Chesterton's work, though written back in 1910, very much accurately describes the current situation of modern politics. Simply put, the Democrats are the party of Hudge while the Republicans are the party of Gudge. Politics sure does make a whole lot more sense now doesn't it? So what counts as political discussion to these two factions is pretty much battling over issues that only really concern themselves. Not only that, they both can depend on their own private armies of media agitators to sell their arguments to the general public and make it seem like that these issues actually concern the interests of the common man.

That or when a major issue does come up, the arguments given are extremely shallow or trivial; or even worse blown out of proportion as the only major issue that matters. Perfect examples of such are the issues surrounding abortion and gay marriage. Not that these issues are not important, but let's also remember that the world doesn't revolve around these issues either.

Anyways, back to the original topic here. The people who wish to stand up to the powers of Hudge and Gudge are the populists, who operate on both sides of the political spectrum. Just like their counterparts Hudge and Gudge, populists of both the Left and Right often have more similarities than differences, although come to similar conclusions from different perspectives. So who are the modern opponents of Hudge and Gudge? Nichols names them as none other than Pat Buchanan of the Right, and Ralph Nader of the Left. And rather than simply imitating the charade contest of Hudge vs. Gudge, Nichols (along with others) advocate that these two should unite against what really amounts to their common enemy. That is most certainly an undertaking worth pursuing.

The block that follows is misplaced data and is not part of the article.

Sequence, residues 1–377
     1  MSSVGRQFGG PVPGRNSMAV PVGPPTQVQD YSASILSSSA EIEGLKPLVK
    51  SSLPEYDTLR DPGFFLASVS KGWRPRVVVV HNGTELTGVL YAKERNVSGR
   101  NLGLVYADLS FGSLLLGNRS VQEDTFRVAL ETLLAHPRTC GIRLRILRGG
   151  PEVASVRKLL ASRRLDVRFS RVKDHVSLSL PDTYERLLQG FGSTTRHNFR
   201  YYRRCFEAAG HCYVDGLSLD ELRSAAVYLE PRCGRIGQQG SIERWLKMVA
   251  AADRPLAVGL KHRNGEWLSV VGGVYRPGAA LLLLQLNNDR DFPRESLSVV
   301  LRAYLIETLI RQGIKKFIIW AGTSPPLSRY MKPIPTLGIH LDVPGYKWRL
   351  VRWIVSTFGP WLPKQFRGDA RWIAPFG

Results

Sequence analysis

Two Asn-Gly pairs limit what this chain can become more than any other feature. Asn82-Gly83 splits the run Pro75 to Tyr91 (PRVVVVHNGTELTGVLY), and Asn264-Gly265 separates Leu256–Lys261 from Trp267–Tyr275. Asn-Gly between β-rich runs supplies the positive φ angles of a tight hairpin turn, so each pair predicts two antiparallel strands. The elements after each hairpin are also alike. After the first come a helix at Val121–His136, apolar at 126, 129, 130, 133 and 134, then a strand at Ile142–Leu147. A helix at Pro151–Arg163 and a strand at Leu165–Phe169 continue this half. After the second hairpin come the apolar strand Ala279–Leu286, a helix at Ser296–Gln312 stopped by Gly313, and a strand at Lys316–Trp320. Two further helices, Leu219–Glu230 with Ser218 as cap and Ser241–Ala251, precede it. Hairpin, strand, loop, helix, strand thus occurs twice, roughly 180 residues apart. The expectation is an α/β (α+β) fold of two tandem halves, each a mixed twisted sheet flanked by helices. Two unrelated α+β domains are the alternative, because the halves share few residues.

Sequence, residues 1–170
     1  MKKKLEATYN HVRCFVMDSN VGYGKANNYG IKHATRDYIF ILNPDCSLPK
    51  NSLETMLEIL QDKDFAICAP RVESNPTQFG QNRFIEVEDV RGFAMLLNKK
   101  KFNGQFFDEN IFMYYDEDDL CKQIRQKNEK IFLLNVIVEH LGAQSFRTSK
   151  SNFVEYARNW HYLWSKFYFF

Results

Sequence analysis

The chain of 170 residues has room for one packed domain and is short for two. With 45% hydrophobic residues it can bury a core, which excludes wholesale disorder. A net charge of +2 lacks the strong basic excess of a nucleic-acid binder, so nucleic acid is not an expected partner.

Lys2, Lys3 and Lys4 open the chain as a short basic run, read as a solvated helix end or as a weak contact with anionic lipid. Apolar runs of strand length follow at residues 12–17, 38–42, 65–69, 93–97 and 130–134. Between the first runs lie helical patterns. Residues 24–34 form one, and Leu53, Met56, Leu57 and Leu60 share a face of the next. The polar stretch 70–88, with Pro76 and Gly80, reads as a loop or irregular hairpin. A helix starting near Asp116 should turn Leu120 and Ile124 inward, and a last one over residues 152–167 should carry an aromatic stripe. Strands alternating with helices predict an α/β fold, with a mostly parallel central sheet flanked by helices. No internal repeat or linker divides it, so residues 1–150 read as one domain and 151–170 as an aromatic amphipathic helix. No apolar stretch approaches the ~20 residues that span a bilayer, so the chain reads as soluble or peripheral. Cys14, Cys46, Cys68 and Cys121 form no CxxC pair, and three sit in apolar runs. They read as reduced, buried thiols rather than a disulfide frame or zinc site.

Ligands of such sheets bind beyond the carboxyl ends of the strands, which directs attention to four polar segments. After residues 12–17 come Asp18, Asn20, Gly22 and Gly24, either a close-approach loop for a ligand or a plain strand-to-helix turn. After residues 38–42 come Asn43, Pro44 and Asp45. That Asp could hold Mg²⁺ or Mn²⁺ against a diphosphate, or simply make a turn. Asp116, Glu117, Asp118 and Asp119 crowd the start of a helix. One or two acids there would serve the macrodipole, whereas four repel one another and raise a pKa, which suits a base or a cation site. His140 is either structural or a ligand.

Note: It is interesting how Nichols discusses the estranged relationship between the Left and populism. The Left often just caters to the interests of Berkeley-style elites. Yet this wasn't always so. The Left was actually often associated with populism until being hijacked by the elitist New Left that emerged in the 1960's. Nichols presents George McGovern as the archetype of an old-fashion Leftist populist. Maybe, but perhaps that distinction should go to none other than William Cobbett. Just my opinion.

Sunday, January 29, 2006

Catholics and their guns....oh my!

Fidei Defensor has written an excellent post concerning the Catholic position on gun control and the general ownership of guns by citizens.

I'm currently working on a post that will further outline my views on this issue, in relation to issues of national defense in general.

Tuesday, January 24, 2006

St. Thomas Aquinas!

Well the 28th of January will be the feast day of St. Thomas Aquinas, also known as "the Dumb Ox". He is the patron saint of philosophers and intellectuals, and no doubt he has earned that title. Thomas Aquinas is without a doubt the most articulate and influential theologian of all times. He is perhaps only rivaled by St. Paul and St. Augustine in this regard.

He is best known for his work the Summa Theologica, which is perhaps the most quoted source on Catholic doctrine outside of the Bible. Not only that, Aquinas was key in reviving interest into Classical philosophers (especially Aristotle) during the Medieval period that would later bloom to full growth during the Renaissance. He was also the intellectual leader of the Scholastics movement.

Although St. Thomas Aquinas lived and wrote during the Medieval period, his influence has echoed through time right up to the modern era. Pope Leo XIII even established Thomism as the official doctrine of the Catholic Church in his 1876 encyclical Aeterni Patris. Yet it was not only in church doctrine that his influence has been felt.

Lay Catholic thinkers of different stripes and backgrounds owe much to the influence of the "Dumb Ox". This is especially true in the case of Jacques Maritain, considered one of the greatest philosophers of the 20th century and a leading Neo-Thomist scholar.

G.K. Chesterton wrote was is commonly considered the best biography on this intriguing saint. Not only did Chesterton write about his life, but also the great wonder of his thinking. Chesterton dubbed Aquinas the parton saint of common sense. For it is on common sense that Thomist philosophy is based upon, as opposed to complex and overly complicated theories like modern philosophy.